A totally enclosed (by ground/soil) tunnel structure that provides a passage (for vehicles, pedestrians, and animals) over small bodies of running water or physical obstructions, is called a culvert.
Slab culvert and box culvert are two different types of culverts. To choose between these two culverts an engineer must know the differences between them. The main differences between slab culvert and box culvert are given below.
|Box culverts are four-sided rectangular structures, the lower side pressed into the ground below, the top serving as the roadway and the lateral sides supported by the soil on either side of the obstruction.
|Slab culvert, also known as bridge culverts, can be three-sided, or simply a deck slab embedded in the soil on either side, providing a bridge over the distance.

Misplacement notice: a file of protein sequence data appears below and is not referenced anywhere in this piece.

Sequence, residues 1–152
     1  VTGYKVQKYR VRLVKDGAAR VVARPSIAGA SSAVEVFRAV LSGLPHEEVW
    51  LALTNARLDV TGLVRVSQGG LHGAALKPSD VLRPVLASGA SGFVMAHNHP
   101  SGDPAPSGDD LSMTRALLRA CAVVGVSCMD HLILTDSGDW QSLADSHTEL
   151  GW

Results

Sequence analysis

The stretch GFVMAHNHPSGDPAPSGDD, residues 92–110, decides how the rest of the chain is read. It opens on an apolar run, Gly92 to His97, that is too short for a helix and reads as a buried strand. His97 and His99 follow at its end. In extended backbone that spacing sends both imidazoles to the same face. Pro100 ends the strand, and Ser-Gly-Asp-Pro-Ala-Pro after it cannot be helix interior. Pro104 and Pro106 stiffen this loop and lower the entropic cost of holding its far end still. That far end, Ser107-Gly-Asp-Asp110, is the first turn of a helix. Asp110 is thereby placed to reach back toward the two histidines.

|A box culvert may be constructed with a single box, or multiple box cells placed side by side.
|Usually, a series of slabs are laid to form a bridge-like structure, and a pavement surface is placed on top to serve as the road.
|The typical size of the boxes is 3’x2’ or 12’x12’ in 1’ span and rise increments. (Usually comes in lengths of 6’ and 8’)
|The standard span length ranges from 8’ to 48’.
|Standard design: ASTM C 1433
|Standard design: ASTM C 1504
|Velocity of flowing water might change because of the bottom slab.
|Slab culverts do not have bottom slabs, so natural flow of water is maintained and natural bottom substrate remains intact.
|The sharp corners of the box-shaped slabs make it unsuitable for vehicles running at high velocity.
|Slab culverts possess no sharp corners to affect the safety of high-velocity vehicles.
|Box culvert is required for purposes which require artificial flooring.
|Slab culverts can replace box culverts if no artificial flooring is necessary.
|It can be used for rainwater disposal and drainage, hence it might not have used in dry seasons.
|It provides a crossing over small streams and physical obstructions.